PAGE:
Nationalist fans demand unification with post-Soviet Azerbaijan
By James M. Dorsey
Massive nationalist and environmental protests erupted this week in the Iranian city of Tabriz during and after a soccer match between storied top league teams Esteghlal Tehran FC and the town’s Traktor Sazi FC, a flashpoint of Iranian Azerbaijan’s identity politics that is owned by state-run Iran Tractor Manufacturing Co. (ITMCO).
The protests demanding unification of the Iranian province of East Azerbaijan with the post-Soviet republic of Azerbaijan as well as Iranian government measures to prevent Lake Orumiyeh in the predominantly Azeri northwest of the country from drying up erupted as fans made their way to the stadium to watch the match.
Security forces were out in force following the arrest last month of scores of soccer fans and environmental activists protesting a decision by the Iranian parliament not to allocate funds for the channeling of water from the Araz River to raise the level of the salt lake that lies between the Iranian provinces of East and West Azerbaijan near the border with Turkey. Parliament suggested instead that Azeris living near the lake be relocated.
This week’s protest was the fourth time this year that anti-government sentiment spilled onto the soccer pitch, one of the few places that strength of numbers and moments of intense passion spark expressions of dissent. It was however the first in which Azeri nationalism fueled by perceived Iranian discrimination resurfaced.
“Wherever Tractor goes, fans of the opposing club chant insulting slogans. They imitate the sound of donkeys, because Azerbaijanis are historically derided as stupid and stubborn. I remember incidents going back to the time that I was a teenager,” said a long-standing observer of Iranian soccer.
In a failed bid to prevent protests, security forces barred many Traktor Sazi fans from entering the stadium to watch the match against Esteghlal, which the Azeri team won 3:2. Fans were body searched and then had their tickets confiscated. In response, thousands of fans started shouting “Azerbaijan is united" and ““Long live united Azerbaijan with its capital in Tabriz.” Scores were injured as security forces tried to break up the protest with force.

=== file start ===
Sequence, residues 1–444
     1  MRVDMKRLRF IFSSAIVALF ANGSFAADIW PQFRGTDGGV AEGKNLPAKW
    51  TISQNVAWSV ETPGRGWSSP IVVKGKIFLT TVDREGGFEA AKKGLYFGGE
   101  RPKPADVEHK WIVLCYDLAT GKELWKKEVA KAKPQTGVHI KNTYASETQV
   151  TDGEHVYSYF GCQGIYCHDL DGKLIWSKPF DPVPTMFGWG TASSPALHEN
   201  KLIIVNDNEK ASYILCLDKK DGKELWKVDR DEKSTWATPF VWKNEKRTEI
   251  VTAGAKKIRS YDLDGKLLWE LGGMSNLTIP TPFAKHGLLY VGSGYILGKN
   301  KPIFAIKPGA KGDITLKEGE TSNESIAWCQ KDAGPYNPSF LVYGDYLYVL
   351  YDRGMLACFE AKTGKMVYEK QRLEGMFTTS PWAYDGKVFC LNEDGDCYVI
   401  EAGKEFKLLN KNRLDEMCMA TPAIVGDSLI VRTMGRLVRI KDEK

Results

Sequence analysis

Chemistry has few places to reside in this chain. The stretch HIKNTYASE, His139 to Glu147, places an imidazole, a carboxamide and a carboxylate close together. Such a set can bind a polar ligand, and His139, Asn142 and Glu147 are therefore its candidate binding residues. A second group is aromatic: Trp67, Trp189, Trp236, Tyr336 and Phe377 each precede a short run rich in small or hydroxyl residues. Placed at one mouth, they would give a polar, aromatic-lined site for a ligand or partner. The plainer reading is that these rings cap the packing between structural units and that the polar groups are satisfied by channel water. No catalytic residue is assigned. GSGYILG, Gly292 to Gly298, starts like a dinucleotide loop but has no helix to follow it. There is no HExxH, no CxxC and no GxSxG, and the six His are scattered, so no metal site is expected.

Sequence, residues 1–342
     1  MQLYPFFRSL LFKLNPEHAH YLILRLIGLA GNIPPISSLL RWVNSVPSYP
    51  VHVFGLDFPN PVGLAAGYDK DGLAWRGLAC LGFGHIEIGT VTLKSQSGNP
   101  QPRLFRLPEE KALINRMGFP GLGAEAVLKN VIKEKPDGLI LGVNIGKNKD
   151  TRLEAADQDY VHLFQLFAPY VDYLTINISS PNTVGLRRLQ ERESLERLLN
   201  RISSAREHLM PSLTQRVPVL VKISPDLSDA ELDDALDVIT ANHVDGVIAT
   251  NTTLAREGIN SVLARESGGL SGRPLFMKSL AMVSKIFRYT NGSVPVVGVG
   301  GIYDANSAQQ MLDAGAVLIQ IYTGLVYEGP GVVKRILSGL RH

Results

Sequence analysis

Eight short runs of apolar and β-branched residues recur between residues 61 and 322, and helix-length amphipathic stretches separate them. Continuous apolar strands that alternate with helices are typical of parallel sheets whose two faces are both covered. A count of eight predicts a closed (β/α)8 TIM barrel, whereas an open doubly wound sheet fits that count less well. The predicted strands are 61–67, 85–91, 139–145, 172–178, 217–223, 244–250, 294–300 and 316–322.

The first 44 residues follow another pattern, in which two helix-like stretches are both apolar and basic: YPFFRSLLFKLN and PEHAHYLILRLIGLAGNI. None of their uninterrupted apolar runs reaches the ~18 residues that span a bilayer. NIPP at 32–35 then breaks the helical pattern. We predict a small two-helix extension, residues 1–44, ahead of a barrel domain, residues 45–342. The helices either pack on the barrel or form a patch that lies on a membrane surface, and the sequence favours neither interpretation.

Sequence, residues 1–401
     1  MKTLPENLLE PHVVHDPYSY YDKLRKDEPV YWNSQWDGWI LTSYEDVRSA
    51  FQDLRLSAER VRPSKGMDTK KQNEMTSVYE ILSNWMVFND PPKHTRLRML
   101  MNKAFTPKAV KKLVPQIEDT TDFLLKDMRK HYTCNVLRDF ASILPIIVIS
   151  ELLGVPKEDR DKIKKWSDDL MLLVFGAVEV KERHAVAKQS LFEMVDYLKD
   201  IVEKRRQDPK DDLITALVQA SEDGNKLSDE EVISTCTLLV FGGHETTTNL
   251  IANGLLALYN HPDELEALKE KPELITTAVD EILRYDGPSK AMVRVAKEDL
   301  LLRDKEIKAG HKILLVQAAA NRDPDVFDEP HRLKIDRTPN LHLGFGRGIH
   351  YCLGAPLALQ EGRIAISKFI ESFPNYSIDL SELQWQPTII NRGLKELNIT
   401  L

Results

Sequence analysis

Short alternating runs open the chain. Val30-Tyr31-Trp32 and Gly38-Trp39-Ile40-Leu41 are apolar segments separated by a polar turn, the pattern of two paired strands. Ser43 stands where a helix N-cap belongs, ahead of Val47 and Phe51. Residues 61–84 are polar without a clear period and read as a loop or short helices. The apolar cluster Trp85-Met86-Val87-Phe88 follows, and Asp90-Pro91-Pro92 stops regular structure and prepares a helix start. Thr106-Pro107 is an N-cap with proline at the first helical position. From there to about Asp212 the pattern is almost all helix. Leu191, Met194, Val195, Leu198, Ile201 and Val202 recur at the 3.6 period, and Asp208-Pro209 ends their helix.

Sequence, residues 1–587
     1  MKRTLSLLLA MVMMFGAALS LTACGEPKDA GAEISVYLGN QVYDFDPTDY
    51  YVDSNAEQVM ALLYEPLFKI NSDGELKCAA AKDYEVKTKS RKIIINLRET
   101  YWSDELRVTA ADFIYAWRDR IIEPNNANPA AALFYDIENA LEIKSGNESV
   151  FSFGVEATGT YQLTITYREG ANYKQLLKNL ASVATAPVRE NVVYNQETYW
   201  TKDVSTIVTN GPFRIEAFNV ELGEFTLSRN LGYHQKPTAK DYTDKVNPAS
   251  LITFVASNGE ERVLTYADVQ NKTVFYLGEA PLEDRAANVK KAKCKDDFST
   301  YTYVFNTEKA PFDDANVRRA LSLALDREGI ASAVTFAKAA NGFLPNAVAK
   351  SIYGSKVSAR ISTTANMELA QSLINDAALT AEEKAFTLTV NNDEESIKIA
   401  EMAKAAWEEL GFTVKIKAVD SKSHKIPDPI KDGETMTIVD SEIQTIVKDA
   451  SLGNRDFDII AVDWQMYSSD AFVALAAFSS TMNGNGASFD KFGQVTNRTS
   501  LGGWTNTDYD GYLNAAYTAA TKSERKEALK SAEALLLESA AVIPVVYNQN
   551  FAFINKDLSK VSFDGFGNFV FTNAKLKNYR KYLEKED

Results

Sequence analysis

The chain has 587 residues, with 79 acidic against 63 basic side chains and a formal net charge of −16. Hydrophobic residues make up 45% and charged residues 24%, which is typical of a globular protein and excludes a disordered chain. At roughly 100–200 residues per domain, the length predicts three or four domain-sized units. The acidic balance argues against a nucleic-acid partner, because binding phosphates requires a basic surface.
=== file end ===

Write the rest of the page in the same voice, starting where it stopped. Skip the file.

The protests, boosted by the Traktor Sazi defeat of Esteghlal, spilled out of the stadium into the city and the Sattar Khan cemetery. Cars honking their horns choked traffic as security forces arrested scores.
Iranian soccer pitches are battlefields for Iranian president Mahmoud Ahmadinejad, a soccer fan who sees the game as a way to polish his tarnished image, and fans who view it as a venue to express dissent.
A 2009 cable from the US embassy in Tehran disclosed by Wikileaks describes how Mr. Ahmadinejad has sought with limited success to associate himself with Iran’s national team in a bid to curry popular favor.
Mr. Ahmadinejad went as far as in 2006 trying to lift the ban on women watching soccer matches in Iranian stadiums, but in an early public disagreement was overruled by Supreme Leader Ali Khamenei.
The funeral in May of a famous Iranian soccer player in Tehran’s Azadi stadium turned into a mass protest against the government of Mr. Ahmadinejad.
Tens of thousands reportedly attended the ceremony for Nasser Hejazi, an internationally acclaimed defender and outspoken critic of Mr. Ahmadinejad.
In a rare occurrence, some 1,000 women were allowed to be present during the ceremony. Iran bans women from stadiums in accordance with its strict segregation of genders in public places.
Mourners chanted “Hejazi, you spoke in the name of the people” in a reference to Mr. Hejazi’s criticism of the Iranian president’s economic policies. Mr. Hejazi took Mr. Ahmadinejad in April to task for Iran’s gaping income differences and budgetary measures which hit the poorest the hardest.
The mourners also shouted "Goodbye Hejazi, today the brave are mourning" and "Mr Nasser, rise up, your people can't stand it anymore".
The Football Federation of the Islamic Republic of Iran (FFIRI) postponed in February league matches in Tehran in a bid to prevent celebrations of the 32nd anniversary of the Islamic revolution from turning into anti-government protests inspired by the anti-government protests in Tunisia and Egypt that toppled presidents Zine el Abedine Ben Ali and Hosni Mubarak.
James M. Dorsey is a senior fellow at Nanyang Technological University's S. Rajaratnam School of International Studies in Singapore and the author of the blog, The Turbulent World of Middle East Soccer.